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How Cliffs’ Asia-Pacific Iron Ore Division Drove Down Costs

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Reduction in per unit cost

Cliffs Natural Resources (CLF) has significantly reduced the cash production costs in its Asia-Pacific iron ore (or APIO) division. Cash production costs fell by 49% year-over-year to $26.9 per ton in 3Q15 compared to $52.6 per ton in 3Q14.

Even on a quarter-over-quarter basis, the reduction in costs is quite impressive at 24%. This reduction was mainly due to reduced mining and administrative costs. Favorable exchange rates, at $12 per ton year-over-year (or YoY), have also helped costs to a large extent.

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Cost guidance remains unchanged

Based on an exchange rate of $0.70 US dollars (UUP) to the Australian dollar, Cliffs maintained its full-year 2015 APIO cash production cost per ton expectation of $30–$35. The cash cost of goods sold guidance was also maintained at $35–$40 per ton.

Despite the challenging seaborne iron ore price environment, Cliffs generated positive EBITDA (earnings before interest, tax, depreciation, and amortization) of $10 million for 3Q15. Capital expenditure was just $0.2 million.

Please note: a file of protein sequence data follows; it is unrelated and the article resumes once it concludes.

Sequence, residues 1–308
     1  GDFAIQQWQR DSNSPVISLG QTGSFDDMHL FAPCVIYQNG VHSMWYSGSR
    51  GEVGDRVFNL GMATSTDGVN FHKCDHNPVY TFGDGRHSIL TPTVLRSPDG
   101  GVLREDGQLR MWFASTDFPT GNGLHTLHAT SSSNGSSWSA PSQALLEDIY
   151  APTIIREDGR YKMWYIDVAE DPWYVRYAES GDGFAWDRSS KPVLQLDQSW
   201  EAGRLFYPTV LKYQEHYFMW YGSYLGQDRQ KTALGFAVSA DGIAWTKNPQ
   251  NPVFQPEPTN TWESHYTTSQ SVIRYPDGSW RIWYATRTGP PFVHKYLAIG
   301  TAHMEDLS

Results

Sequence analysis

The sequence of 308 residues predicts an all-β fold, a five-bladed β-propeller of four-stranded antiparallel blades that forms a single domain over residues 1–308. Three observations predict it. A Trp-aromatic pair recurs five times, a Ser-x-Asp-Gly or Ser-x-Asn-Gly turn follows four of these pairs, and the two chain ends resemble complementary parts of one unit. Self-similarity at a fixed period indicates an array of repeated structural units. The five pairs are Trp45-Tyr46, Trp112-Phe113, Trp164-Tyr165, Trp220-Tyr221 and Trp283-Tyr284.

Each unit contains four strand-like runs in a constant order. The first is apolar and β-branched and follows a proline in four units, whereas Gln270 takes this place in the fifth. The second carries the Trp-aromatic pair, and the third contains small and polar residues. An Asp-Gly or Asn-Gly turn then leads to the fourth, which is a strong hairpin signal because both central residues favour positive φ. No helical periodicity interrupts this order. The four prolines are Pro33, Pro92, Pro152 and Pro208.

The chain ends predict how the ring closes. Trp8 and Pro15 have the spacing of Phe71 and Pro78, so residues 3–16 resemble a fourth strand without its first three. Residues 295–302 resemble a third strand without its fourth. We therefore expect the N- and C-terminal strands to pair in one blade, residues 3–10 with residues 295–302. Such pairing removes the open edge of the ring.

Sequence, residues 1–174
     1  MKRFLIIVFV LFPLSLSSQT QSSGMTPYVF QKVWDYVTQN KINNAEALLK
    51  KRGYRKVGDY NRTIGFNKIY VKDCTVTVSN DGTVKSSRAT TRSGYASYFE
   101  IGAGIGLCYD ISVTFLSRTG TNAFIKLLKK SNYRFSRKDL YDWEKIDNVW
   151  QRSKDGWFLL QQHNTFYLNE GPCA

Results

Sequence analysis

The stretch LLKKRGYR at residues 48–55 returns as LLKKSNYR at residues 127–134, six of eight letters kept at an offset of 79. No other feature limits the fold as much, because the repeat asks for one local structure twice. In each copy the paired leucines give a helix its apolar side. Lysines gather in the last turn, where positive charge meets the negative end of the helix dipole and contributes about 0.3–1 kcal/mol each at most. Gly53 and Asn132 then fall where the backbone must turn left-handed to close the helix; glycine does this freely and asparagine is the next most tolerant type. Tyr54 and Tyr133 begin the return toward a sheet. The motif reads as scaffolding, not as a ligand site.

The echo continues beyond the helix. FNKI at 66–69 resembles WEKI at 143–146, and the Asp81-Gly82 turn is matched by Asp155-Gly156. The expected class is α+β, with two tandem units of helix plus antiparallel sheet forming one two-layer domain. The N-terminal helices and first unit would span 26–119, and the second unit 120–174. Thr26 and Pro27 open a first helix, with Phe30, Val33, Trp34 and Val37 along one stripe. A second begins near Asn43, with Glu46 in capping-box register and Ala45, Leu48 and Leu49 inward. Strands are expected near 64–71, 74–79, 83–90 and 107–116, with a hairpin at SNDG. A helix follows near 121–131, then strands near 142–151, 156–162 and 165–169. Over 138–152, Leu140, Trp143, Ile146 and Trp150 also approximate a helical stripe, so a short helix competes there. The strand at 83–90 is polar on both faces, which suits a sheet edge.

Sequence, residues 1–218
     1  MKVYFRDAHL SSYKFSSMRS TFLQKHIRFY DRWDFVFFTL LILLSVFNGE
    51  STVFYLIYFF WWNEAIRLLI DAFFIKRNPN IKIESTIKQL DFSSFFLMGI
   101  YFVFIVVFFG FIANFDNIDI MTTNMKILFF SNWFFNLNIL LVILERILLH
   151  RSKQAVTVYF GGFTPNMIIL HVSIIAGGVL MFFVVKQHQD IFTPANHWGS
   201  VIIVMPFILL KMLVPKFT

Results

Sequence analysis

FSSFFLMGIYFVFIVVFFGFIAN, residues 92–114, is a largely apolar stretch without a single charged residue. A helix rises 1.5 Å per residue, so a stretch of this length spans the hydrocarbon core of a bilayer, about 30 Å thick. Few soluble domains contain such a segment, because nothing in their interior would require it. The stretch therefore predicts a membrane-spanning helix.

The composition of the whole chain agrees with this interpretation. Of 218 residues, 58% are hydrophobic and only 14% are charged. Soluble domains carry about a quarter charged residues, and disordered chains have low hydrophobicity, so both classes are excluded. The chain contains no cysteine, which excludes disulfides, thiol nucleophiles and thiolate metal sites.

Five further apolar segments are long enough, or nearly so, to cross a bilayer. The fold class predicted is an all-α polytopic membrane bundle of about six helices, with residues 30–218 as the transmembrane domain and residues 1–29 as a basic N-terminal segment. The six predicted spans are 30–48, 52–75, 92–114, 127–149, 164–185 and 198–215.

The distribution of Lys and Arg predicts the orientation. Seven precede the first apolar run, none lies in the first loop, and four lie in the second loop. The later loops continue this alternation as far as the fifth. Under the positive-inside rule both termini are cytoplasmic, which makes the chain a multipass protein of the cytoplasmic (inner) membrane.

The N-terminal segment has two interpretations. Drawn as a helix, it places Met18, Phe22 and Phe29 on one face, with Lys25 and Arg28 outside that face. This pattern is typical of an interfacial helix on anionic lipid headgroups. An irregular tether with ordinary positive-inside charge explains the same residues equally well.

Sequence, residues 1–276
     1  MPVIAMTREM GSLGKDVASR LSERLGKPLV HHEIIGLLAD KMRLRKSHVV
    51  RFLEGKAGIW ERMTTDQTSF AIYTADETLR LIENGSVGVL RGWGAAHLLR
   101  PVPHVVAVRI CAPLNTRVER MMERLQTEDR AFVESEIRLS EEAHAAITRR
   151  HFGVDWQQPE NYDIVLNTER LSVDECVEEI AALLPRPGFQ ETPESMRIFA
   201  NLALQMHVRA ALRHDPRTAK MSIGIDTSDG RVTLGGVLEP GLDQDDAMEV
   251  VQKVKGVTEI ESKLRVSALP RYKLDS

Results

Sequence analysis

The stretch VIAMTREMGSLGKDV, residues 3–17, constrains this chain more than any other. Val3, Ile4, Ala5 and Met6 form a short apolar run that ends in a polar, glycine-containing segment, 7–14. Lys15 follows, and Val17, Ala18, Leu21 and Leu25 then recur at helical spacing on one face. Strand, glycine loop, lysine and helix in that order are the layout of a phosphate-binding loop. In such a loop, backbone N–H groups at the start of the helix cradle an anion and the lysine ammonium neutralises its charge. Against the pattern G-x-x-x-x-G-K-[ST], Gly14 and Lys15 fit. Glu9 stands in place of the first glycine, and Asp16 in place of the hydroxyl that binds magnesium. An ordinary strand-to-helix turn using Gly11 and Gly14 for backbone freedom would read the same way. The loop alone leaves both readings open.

Cliffs’ management mentioned that continued cost reduction in the APIO division is essential and that its team is working on this. Management also said that the APIO division is benefiting from headcount reductions executed during the year.

As we discussed in our previous analysis How Low Can Iron Ore Prices Go from Here? based on current seaborne iron ore dynamics, iron ore prices have more downside. In such a scenario, it’s imperative for seaborne iron ore players including BHP Billiton (BHP) (BBL), Rio Tinto (RIO), and Vale (VALE) to continuously reduce their costs to maintain profitability.

In the next part of this series, we’ll see what Cliffs’ management has to say about the current situation in the seaborne iron ore market.

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